The growing notion that for any policy –including social policy – to be successful it must be evidence based or informed, has been shattered by Uganda’s successful story of a largely well controlled and managed HIV and AIDS epidemic. John Kinsman, in this groundbreaking book, which boldly departs from the usual evidence/science-is-supreme flow, argues that Uganda’s spectacular ABC (abstinence, behaviour change and condoms) strategy originated from no more than a “hunch”. Intrigued by what could actually have guided AIDS control in Uganda, the author investigated a flagship research which was set up in the early days of the epidemic to guide policy.
The research – Masaka Intervention Trials – which sought to promote delay in sexual debut among youngsters, zero-grazing (limiting the number of sexual partners) and treatment of STDs, conducted from 1994 – 1998 found that HIV incidence was identical in both intervention and control populations. Simply and bluntly put, the much coveted trial interventions had remarkably failed. And yet, as argued by many – scientists, politicians and ordinary people alike - since there was a general trend of improvement in the HIV and AIDS situation over time, Uganda must have been doing something right, and the “right thing” was precisely these interventions. Uganda’s HIV prevalence reduced from as high as 39% in late 1980s in some places to just 6% in 2004 nationwide.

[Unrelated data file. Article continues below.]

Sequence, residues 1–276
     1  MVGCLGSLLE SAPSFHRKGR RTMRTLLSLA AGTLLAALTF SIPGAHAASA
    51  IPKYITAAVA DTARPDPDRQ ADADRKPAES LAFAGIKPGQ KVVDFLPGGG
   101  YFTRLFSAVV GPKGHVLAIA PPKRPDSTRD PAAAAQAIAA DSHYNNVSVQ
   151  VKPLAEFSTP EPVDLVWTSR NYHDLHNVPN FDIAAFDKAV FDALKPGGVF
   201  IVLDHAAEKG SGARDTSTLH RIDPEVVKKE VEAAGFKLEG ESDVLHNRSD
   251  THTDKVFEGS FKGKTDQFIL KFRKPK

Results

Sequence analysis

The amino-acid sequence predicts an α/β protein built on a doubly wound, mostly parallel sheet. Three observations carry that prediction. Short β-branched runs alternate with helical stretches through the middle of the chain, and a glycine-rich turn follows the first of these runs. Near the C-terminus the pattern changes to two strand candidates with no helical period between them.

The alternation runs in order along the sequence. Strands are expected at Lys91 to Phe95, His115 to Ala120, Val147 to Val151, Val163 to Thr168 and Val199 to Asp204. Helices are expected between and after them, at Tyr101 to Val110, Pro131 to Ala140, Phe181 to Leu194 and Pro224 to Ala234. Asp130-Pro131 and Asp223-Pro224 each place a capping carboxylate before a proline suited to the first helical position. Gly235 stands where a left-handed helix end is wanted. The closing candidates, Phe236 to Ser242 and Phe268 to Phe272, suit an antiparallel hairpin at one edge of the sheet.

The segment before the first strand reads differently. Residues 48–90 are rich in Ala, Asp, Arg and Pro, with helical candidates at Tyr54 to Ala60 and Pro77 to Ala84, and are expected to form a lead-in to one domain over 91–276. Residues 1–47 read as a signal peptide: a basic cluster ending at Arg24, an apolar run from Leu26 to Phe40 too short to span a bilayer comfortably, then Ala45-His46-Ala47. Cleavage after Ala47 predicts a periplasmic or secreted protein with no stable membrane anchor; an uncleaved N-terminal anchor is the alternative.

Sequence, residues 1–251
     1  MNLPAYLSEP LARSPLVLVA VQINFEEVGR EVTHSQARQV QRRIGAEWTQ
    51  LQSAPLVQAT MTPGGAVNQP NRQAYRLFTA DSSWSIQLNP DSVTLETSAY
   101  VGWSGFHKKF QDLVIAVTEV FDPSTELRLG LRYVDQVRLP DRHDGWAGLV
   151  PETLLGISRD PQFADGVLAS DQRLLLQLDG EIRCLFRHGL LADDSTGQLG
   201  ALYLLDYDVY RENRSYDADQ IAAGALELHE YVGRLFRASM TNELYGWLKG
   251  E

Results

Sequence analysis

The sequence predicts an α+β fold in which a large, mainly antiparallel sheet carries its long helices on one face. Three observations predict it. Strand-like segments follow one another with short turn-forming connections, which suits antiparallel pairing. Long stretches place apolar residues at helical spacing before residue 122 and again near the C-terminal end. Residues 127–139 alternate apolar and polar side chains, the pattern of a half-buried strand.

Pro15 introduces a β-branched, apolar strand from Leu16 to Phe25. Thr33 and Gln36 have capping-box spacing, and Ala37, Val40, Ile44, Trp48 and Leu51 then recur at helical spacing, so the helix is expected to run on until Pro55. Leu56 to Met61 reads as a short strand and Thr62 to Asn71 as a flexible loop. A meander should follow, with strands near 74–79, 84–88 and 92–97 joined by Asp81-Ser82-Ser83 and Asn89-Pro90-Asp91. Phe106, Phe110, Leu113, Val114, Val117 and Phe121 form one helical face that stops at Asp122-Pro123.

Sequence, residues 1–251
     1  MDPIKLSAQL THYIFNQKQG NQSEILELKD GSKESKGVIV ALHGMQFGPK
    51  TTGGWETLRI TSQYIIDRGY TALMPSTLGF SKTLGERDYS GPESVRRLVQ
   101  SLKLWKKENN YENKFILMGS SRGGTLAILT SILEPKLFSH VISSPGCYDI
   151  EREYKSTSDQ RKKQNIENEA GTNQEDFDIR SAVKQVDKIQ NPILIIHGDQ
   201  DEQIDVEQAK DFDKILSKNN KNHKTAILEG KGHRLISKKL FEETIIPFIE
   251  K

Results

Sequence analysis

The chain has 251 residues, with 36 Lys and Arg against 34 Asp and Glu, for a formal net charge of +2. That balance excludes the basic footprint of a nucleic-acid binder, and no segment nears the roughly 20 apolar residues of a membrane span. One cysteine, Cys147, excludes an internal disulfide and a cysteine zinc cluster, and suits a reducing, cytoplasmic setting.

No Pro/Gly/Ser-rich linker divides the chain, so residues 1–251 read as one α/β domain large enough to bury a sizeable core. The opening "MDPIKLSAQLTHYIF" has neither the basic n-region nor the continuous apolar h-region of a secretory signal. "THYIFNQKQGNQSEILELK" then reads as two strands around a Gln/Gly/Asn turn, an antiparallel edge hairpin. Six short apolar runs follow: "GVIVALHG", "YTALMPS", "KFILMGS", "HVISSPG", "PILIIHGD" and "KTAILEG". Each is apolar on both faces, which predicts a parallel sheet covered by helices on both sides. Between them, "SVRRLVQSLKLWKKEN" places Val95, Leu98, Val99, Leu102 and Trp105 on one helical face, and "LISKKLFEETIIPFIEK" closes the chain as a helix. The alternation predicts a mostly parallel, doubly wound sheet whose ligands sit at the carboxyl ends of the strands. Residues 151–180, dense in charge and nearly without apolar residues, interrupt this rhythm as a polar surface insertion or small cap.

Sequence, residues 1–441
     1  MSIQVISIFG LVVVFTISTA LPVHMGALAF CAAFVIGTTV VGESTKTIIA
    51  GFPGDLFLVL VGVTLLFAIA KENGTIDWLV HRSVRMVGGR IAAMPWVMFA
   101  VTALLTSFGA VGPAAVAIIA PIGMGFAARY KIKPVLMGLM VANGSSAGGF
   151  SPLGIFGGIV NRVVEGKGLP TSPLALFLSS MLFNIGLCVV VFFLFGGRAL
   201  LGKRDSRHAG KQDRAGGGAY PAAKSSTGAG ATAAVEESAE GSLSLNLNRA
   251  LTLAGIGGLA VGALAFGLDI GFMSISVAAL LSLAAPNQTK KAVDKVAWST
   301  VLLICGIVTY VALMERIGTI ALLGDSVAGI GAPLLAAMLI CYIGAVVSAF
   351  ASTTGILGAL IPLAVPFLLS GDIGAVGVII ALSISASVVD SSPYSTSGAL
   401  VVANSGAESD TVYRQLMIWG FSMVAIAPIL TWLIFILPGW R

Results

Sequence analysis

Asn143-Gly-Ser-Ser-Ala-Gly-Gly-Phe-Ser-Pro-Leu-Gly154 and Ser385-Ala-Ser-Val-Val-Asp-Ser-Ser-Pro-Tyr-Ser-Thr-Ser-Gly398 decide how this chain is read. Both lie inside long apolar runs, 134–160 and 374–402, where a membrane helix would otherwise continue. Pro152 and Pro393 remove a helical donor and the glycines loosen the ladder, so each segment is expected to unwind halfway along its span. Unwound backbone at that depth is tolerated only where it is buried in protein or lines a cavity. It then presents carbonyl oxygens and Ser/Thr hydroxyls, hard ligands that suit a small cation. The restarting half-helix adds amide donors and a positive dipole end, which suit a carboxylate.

Publisher:Palgrave Macmillian, New York
Year of Publications:2010
Reviewer:Sam Agatre Okuonzi